Elizabeth Warren is interested in being Hillary Clinton’s running mate according to a story at The Hill:
Warren’s advisers have reportedly been in contact with the Clinton campaign in recent weeks, but the Massachusetts senator has not yet spoken to Clinton or the campaign about filling the role of vice president.
Warren is also looking to advance her policy priorities, such as reducing income inequality, which she said are “more progressive” than Clinton’s. She is not sure a job as vice president would be the best platform on which to advance those issues.
Still, Warren has signaled interest in the possibility of being Clinton’s running mate.
There’s a fine line between eagerness and desperation that Warren is walking here. She has not endorsed Hillary which, on the one hand, makes her a hold out and, on the other hand, positions her as someone who is not part of the Clinton wing of the Democratic party. Warren, like Sanders, is more of a progressive ideologue. As it happens, that may be exactly what Clinton needs to knit together the Democratic Party. Simply put, picking Warren probably gives you most of Bernie’s supporters.
But there is a real risk associated with this. First, Donald Trump polls best with white, working-class men. If Hillary were to pick a white, male running-mate that might help blunt some of Trump’s advantage. Picking a progressive woman probably won’t have the same impact (though it obviously could give Clinton a further advantage among women voters).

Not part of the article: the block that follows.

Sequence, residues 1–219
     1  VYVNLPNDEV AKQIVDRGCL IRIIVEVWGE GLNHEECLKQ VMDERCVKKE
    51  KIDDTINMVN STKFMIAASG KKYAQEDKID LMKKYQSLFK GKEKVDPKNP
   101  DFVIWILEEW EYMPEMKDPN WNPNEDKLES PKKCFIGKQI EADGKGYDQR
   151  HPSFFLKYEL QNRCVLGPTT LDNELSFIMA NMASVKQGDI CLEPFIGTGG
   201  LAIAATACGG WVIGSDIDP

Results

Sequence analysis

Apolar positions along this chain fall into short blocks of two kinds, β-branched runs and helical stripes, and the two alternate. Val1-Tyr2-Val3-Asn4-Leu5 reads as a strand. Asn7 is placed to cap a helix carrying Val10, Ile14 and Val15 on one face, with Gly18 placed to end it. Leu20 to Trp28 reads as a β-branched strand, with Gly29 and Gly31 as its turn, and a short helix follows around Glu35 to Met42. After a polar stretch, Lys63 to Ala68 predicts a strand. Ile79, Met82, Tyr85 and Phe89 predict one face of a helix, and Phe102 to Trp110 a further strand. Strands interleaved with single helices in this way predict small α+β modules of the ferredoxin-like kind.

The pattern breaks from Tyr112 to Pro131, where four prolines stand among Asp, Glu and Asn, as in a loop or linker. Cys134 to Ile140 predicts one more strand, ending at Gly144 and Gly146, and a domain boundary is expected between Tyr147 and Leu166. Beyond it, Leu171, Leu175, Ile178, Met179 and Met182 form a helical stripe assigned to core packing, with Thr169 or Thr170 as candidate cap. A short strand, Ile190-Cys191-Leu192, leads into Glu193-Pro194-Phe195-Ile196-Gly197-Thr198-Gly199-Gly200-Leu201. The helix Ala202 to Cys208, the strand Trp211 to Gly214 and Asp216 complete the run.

Last month, when Elizabeth Warren started her Twitter rants against Donald Trump, I suggested that she was sounding a lot like someone who wanted the VP job. At the time, Politico had a story outlining four reasons why Clinton would hesitate to pick her. One of those reasons stood out to me, “Clinton insiders worry Warren could upstage the likely Democratic nominee during the general election.” I still think that’s the most likely source of hesitation from the Clinton camp. As I wrote last month:
Hillary has been struggling to close the deal against an aging socialist with bad hair. Long after she has been the presumptive nominee based on the delegate count, Democrats keep handing her defeats like the one last night in Indiana. They may be ready to vote for Clinton in the general election but they aren’t excited about it the way they get excited about Sanders and Elizabeth Warren.
Adding Warren to the ticket would just be a constant reminder that Hillary lacks personal charisma and doesn’t hold the same appeal to her party’s far-left base. Imagine if the crowds at Clinton rallies take to chanting “War-ren! War-ren!” instead of Hillary’s name. Hillary doesn’t want to spend the rest of this race feeling the Bern from her own VP pick.
Hillary wants this to be all about her. Unfortunately, a significant number of young, energetic Democrats don’t feel the same way. The risk of being overshadowed by her own VP is real but so is the risk of losing the support of a portion of the progressive base that, right now, is sticking with Sanders despite the delegate count. Warren still looks like the obvious solution, albeit with some risk to Hillary’s pride involved.